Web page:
A POINT OF DEPARTURE
To observe a city from above is fundamentally an illusion in understanding the dynamics of a city as a whole. The aerial view offers a tangible record of the city’s history, showing traces and scars of its past, however lacks a narrative of the city’s behaviours, movements and spatial conditions.‘It is the invitation to enter the inhabited space with our body in order to seek out the traces left by new lifestyles; to see more by seeing small’. 1 - Stefano Boeri, ‘Eclectic Atlases’, Daidalos, no. 69/70 (1998/99), p. 105.As Stefano Boeri argues in his ‘Eclectic Atlases’, the act of inhabiting a physical space offers a greater experiential understanding of the environment, and these observations can allow conclusions of larger scale behaviours to be drawn. My research argues in favour of Boeri’s positioning, and proposes an investigation into a specific site, Chimopar, in order to gain a more intense understanding of Bucharest over a broader reading of the city as a whole.
Border conditions and edges often offer these particular and specific areas of investigation. My search started at the edge of the city, where I became interested in the historical shifts in Bucharest’s administrative borders.
Fig 2. Map of Bucharest’s Administrative Sectors taken from the corner of the Administrative Map of the Socialist Republic of Romania 1966, author unknown – This shows the radical shifts in scale and expansion under the dictatorship of Nicolae Ceauşescu. The 5 plăşi are re-ordered to form 8 raions.
Fig 3. Google Map of Bucharest, 2016, with the current delineations of the sectors. The 8 raions merge to form 6 sectors.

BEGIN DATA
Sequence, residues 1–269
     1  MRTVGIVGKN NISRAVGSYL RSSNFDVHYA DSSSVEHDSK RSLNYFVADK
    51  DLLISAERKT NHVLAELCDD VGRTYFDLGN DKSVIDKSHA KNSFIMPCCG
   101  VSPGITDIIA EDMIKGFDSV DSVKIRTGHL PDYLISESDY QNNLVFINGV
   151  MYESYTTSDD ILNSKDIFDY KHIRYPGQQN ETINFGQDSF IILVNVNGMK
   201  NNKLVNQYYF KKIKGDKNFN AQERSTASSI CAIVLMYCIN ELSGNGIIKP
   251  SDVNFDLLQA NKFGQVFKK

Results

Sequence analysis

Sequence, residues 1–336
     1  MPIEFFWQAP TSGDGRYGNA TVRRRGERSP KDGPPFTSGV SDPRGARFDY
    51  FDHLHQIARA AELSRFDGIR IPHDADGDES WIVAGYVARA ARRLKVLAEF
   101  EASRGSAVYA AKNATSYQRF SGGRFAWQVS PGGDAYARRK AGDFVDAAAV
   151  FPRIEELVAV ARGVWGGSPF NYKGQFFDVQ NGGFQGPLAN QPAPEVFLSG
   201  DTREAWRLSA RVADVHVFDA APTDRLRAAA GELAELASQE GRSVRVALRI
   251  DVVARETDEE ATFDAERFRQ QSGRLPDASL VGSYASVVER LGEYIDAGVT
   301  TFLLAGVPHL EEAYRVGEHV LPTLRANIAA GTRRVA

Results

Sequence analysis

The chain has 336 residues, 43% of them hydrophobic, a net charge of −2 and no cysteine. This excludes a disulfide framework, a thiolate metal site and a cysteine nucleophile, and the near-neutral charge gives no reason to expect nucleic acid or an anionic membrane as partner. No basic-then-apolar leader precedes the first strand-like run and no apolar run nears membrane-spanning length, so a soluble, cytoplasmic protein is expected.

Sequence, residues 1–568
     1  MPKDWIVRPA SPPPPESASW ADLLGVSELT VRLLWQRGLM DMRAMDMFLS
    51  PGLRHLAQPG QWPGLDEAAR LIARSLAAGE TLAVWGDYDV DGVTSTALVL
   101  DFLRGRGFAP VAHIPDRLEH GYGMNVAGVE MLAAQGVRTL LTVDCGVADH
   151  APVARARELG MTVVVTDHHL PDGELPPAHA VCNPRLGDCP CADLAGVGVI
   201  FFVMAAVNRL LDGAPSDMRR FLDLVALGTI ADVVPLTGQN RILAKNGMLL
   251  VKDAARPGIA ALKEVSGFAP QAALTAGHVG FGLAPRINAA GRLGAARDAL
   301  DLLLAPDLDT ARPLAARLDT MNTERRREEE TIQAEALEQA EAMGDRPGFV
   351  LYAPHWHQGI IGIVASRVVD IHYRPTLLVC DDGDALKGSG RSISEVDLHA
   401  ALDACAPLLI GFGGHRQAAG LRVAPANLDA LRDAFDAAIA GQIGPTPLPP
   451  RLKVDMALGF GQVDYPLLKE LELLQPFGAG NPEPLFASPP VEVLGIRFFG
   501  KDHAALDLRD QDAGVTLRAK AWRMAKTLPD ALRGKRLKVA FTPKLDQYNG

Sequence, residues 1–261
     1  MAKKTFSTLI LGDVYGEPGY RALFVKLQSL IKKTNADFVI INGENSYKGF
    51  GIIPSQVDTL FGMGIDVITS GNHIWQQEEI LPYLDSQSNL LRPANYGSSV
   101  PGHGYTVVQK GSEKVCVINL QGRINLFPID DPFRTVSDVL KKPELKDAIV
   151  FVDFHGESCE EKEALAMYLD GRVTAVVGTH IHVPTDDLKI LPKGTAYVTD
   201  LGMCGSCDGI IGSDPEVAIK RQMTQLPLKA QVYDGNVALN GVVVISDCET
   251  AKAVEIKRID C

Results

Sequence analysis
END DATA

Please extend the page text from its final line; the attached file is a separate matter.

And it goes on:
By layering maps that reflect shifts in power and administration, an overlap of these borders begins to emerge (fig. 4). These zones of change start to pose questions of ownership, inhabitancy, and maintenance. Do these spaces remain within the control of a specific authority, or do they pose potentials for conflict? Where the notion of control is uncertain, do these spaces become forgotten, empty, unkempt, desolate?
Terms such as ‘wasteland’, ‘void’ and ‘dead zone’ are often generated from distant observations through maps, photographs and aerial images, providing an unreliable impression of how these spaces are really used. In ‘The Dead Zone and the Architecture of Transgression’, Gil Doron challenges the mis-labelling of spaces such as disused train yards, industrial sites and abandoned neighbourhoods. Rather than condemning these spaces to remain forgotten, Doron reveals them as rich grounds for potential and inhabitation. The occupants of these spaces begin to ‘transgress spatial constraints and produce different environments’, 3 - Gil M. Doron, ‘The Dead Zone and the Architecture of Transgression’, City, vol.4, no. 2 (2000), p.252. more radically than the formal users would.
Fig 4. Google Map with layering of shifts in Bucharest’s Administrative borders. Areas of overlap begin to emerge. These are considered as ‘uncertain’ zones that offer the potential of transgressive behaviour.
The abandoned chemical factory Chimopar lies on the edge of Bucharest and falls within the areas highlighted in the layered map. As such it will become the focus of investigation, and allow a closer examination of its spatial qualities and activities. The basis of this research is therefore predominantly founded on the observations, personal experiences and encounters from this site. This investigation will also explore the direct relation between theory and design, and in particular the development of research through design by a series of mappings.